While the fight against segregation was supposedly settled years ago, researchers are finding that there is still evidence of racial separation. Scientists at UCLA began a research project 60 years after the famous Brown v Board of Education ruling to discern whether or not the United States has become truly equal for all races.
A police chief in a neighboring state was accused of promoting racial profiling tactics after an email he wrote surfaced publicly. The email stated that racial profiling serves a purpose in law enforcement when carried out correctly.
The head of the International Association of Chiefs of Police issued an apology this week to the minorities across the nation for their mistreatment at the hands of police departments during the last century. He spoke of how trust has been undermined and how police action has exacerbated tension between officers and the communities they are supposed to "protect and serve."
Earlier this summer, President Obama's administration made it illegal for juveniles within the federal prison system to be placed in solitary confinement. New York State and New York City jails ban the practice as well. Yet just last month, the Onondaga County Sheriff's Office, in Syracuse, came under fire for subjecting 16- and 17-year olds to "extended and arbitrary" solitary confinement, sometimes for periods that last several consecutive months.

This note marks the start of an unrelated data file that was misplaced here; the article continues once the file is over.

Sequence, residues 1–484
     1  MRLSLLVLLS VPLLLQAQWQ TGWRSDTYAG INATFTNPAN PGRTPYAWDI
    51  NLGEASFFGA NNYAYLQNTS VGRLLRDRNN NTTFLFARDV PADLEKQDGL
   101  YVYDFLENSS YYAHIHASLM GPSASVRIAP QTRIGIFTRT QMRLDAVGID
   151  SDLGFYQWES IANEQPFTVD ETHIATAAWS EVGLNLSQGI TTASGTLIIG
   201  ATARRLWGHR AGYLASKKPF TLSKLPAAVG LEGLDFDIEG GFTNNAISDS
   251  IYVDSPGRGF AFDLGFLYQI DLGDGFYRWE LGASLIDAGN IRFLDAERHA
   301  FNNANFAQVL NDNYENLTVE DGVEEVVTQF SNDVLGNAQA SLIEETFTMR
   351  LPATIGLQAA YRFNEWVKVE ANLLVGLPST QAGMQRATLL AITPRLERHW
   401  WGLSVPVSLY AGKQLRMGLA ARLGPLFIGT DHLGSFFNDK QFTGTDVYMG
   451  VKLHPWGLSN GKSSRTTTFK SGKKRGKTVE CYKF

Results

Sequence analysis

Late last week, the Legal Aid Society of New York filed a federal civil rights suit that seeks to repeal a 40-year old statute in the state's penal code, which grants the police broad authority to arrest individuals for suspected prostitution. According to a recent article in the New York Times, the law is so broad that individuals can "be arrested while talking to two men on a corner; while talking to someone through a car window; while walking down the street with a bottle of Korbel; for going to your job selling sofas; if it happens that you have worked as a prostitute before; just for wearing something an officer decides is too provocative."
There are many problems with America's criminal justice system. One significant area that receives little attention is the prosecutor's office. It is one of the most powerful elements of the criminal justice system, yet it is subject to very little real oversight. Sure, most district attorneys and state's attorneys are elected, but that may be as much part of the problem as is the tremendous power they exercise.